There are young managers in commercial animal agriculture in the United States, United Kingdom, Asia, and other countries, who are unaware of the scientific field of animal ethology. They may have an agricultural degree with no training in animal behavior. Some have no idea that scientists have already conducted many research studies on animal behavior. In this opinion paper, the author discusses ways to cross this divide. Basic animal behavior principles should be taught to both veterinary and animal science undergraduate students. The basic information that should be taught to undergraduates is: 1) Behavioral principles of livestock handling, 2) importance of good stockmanship to improve animal productivity, 3) principles of animal learning, 4) bull, ram and boar safety, 5) the importance of behavioral needs and environmental enrichment, 6) how to recognize abnormal behaviors, and 7) formation of dominance hierarchies. This material should be in introductory courses with practical explanations about why it is important. For example, a nutritionist needs to understand how dominance behavior may reduce access to feed. When I communicate directly with students, they are eager to learn about behavior. Students should also be taught to use the major academic databases. The second step is that researchers must communicate with producers in jargon-free language. The third step is training graduate students for management jobs on farms or research careers in industry. In the developed countries, there is a shortage of academic positions for new Ph.D.’s. Graduates in animal behavior subjects can have excellent careers outside of academia. Training in animal behavior may help them influence the policies of their employers to improve animal welfare. There are also factors in the future that may block free flow of scientific information. Unfortunately, some research results remain proprietary commercial industry information and they are not published in the scientific literature. To promote the spread of knowledge, academic researchers should avoid signing long-term non-disclosure agreements with industry. These agreements may block scientific publication. Everybody in the field of animal behavior needs to communicate outside their field and explain why behavior is important.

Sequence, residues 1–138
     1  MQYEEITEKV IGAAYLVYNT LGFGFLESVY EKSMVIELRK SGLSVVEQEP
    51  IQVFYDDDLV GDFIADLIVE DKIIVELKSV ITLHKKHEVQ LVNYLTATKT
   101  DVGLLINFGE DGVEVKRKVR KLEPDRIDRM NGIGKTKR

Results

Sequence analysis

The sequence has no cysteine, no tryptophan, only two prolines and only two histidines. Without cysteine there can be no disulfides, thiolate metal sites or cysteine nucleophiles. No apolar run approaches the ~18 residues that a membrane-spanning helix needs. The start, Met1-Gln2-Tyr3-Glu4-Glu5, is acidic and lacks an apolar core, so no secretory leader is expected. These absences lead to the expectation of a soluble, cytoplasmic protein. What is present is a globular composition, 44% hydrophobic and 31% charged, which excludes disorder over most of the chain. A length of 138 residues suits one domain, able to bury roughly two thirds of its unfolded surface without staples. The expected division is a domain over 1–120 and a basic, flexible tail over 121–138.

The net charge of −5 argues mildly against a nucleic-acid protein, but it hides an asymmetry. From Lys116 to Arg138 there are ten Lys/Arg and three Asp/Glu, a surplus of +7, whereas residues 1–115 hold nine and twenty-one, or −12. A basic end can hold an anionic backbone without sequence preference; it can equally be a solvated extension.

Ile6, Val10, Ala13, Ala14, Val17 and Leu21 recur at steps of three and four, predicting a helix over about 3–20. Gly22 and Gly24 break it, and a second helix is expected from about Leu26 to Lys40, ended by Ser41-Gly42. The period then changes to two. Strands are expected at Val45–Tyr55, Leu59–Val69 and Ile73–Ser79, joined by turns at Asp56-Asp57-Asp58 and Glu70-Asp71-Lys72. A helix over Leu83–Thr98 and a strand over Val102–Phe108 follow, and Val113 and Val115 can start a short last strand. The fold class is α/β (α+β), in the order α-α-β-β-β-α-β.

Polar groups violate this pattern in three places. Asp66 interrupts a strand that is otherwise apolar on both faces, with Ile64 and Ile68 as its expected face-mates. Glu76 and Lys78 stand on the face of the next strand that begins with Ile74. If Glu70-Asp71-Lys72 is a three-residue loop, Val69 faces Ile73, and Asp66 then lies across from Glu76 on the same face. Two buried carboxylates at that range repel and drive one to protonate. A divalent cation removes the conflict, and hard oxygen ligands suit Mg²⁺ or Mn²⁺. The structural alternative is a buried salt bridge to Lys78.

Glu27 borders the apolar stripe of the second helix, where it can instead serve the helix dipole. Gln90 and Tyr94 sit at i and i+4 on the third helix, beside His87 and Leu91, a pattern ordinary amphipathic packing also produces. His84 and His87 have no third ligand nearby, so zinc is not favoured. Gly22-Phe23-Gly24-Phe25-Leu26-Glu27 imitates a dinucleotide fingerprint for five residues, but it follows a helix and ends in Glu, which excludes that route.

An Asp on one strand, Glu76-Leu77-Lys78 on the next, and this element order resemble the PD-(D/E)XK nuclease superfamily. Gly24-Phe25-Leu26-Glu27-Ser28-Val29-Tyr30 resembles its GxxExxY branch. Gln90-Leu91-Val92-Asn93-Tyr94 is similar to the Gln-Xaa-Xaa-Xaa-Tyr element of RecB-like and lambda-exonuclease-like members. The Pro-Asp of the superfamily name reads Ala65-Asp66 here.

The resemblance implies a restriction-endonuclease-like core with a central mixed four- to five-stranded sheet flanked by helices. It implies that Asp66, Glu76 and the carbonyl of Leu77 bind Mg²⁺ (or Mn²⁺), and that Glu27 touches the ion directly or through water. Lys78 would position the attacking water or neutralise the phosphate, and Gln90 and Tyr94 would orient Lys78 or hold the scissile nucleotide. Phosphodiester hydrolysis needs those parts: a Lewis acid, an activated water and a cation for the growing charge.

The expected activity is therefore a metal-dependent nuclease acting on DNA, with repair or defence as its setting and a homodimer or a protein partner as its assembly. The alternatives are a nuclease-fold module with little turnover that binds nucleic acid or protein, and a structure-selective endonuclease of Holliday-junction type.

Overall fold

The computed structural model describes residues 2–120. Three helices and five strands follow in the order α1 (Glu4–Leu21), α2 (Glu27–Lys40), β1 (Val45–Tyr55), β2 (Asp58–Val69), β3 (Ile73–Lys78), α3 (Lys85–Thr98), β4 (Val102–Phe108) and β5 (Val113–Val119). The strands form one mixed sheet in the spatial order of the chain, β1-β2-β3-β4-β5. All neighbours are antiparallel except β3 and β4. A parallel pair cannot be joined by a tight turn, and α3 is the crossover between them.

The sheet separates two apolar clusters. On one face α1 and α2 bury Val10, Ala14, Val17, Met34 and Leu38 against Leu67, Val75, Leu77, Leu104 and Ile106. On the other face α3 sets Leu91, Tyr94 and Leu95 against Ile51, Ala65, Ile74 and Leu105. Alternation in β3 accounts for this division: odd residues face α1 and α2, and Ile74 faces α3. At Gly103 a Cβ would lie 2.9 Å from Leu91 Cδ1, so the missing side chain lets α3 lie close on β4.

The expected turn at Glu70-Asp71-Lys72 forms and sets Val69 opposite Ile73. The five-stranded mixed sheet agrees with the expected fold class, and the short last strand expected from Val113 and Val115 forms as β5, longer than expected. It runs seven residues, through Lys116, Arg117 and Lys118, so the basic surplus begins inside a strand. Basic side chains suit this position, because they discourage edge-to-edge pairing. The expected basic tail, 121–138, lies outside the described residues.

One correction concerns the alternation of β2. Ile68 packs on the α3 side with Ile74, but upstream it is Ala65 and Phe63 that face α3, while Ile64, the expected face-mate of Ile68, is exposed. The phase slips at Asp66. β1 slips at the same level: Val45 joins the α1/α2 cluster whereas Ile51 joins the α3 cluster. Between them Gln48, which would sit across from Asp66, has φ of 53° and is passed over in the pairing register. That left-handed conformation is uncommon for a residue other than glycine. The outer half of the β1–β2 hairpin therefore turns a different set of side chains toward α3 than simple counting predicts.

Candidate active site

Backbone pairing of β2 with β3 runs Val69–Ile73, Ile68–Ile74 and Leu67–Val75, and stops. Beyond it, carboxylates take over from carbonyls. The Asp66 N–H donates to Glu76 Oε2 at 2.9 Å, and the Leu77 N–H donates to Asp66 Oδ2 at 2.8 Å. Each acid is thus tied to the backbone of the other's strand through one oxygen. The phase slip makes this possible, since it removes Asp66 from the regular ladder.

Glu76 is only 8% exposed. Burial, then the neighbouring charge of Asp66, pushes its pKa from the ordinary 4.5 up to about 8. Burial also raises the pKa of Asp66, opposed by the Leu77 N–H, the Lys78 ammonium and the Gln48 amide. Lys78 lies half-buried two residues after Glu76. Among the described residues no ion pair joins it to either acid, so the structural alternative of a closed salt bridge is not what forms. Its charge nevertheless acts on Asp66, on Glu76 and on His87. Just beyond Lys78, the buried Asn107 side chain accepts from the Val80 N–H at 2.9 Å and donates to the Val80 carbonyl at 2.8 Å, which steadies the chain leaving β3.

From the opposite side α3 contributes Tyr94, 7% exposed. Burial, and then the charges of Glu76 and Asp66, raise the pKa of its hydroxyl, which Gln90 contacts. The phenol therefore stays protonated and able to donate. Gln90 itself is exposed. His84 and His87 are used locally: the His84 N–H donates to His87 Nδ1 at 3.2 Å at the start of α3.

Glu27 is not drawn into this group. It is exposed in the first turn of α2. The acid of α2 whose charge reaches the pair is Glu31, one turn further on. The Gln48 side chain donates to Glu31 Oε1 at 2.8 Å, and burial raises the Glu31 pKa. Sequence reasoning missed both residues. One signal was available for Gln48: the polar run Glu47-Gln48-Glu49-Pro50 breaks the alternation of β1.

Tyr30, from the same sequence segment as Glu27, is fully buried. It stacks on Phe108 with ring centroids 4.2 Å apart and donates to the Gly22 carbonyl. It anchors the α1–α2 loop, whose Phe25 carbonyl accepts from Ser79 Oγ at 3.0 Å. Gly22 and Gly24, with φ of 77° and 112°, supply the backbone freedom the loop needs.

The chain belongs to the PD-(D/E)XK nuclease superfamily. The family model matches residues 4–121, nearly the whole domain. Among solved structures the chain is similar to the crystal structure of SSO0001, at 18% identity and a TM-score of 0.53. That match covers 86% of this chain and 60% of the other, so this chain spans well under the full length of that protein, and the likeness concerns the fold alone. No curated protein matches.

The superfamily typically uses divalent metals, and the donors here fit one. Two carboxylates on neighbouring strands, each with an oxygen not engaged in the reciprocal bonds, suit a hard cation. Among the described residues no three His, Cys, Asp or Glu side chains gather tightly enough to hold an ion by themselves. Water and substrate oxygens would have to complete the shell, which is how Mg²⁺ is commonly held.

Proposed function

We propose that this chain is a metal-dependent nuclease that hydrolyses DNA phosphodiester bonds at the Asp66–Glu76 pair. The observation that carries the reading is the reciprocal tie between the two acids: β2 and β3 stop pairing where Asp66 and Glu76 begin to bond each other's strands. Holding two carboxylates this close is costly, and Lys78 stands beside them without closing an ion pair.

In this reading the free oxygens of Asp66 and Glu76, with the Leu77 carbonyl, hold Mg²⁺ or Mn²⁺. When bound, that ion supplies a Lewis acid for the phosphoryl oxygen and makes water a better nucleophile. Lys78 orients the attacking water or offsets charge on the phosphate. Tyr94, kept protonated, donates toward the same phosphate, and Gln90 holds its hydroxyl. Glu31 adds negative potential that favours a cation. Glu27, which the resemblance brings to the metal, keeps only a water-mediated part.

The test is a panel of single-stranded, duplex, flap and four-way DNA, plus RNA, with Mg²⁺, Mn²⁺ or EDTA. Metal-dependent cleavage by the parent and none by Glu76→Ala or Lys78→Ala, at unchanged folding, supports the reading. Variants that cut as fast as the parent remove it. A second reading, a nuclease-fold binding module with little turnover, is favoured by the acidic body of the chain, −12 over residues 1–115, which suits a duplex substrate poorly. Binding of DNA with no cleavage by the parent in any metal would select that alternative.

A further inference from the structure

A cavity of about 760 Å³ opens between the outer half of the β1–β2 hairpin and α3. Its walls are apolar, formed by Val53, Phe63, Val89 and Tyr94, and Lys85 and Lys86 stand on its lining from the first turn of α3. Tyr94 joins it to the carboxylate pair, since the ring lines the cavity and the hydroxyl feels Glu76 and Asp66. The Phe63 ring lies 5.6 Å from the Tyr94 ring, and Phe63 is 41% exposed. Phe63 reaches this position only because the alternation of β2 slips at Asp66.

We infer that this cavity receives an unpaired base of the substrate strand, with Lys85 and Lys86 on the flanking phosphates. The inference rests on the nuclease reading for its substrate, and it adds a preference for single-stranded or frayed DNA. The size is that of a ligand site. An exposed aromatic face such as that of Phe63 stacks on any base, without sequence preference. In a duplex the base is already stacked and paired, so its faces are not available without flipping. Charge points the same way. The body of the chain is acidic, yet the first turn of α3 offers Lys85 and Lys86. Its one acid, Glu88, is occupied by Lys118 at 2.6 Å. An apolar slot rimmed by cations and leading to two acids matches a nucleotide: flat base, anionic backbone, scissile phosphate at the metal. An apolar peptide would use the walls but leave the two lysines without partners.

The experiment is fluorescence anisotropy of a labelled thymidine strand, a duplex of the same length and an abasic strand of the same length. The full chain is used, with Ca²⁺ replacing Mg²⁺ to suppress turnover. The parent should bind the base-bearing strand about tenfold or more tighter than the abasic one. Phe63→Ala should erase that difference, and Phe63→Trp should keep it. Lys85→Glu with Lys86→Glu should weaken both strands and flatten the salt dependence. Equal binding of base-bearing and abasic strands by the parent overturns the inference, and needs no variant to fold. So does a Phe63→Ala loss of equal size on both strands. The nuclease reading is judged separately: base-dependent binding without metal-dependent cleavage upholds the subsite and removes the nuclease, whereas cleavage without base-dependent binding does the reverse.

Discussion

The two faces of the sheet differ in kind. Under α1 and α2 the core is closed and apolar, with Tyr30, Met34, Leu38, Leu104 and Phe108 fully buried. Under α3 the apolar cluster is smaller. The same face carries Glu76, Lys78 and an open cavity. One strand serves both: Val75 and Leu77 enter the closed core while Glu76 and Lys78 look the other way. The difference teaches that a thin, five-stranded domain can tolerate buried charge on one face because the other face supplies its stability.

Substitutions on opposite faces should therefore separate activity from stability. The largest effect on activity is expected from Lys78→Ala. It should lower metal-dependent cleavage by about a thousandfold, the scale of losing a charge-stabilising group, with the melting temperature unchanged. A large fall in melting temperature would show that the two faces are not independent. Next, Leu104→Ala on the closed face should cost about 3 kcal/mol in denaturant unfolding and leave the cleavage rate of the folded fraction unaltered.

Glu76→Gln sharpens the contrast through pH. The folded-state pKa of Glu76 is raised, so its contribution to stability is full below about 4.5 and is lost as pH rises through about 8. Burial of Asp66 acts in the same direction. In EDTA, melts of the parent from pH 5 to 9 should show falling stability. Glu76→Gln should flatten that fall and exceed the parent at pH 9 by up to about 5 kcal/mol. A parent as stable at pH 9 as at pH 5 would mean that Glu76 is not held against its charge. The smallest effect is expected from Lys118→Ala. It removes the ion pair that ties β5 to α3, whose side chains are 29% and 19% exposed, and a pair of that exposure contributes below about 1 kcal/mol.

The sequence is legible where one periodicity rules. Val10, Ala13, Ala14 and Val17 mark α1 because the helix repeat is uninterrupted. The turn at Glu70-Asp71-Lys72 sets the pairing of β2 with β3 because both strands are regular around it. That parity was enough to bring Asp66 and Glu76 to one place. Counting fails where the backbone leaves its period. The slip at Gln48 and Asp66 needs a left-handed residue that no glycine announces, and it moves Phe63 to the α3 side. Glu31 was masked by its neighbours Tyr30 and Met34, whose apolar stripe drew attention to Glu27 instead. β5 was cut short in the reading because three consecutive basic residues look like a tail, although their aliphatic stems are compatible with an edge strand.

Grandin, T. (2019, September 1). Crossing the divide between academic research and practical application of ethology and animal behavior information on commercial livestock and poultry farms. Applied Animal Behaviour Science. Elsevier B.V. https://doi.org/10.1016/j.applanim.2019.06.009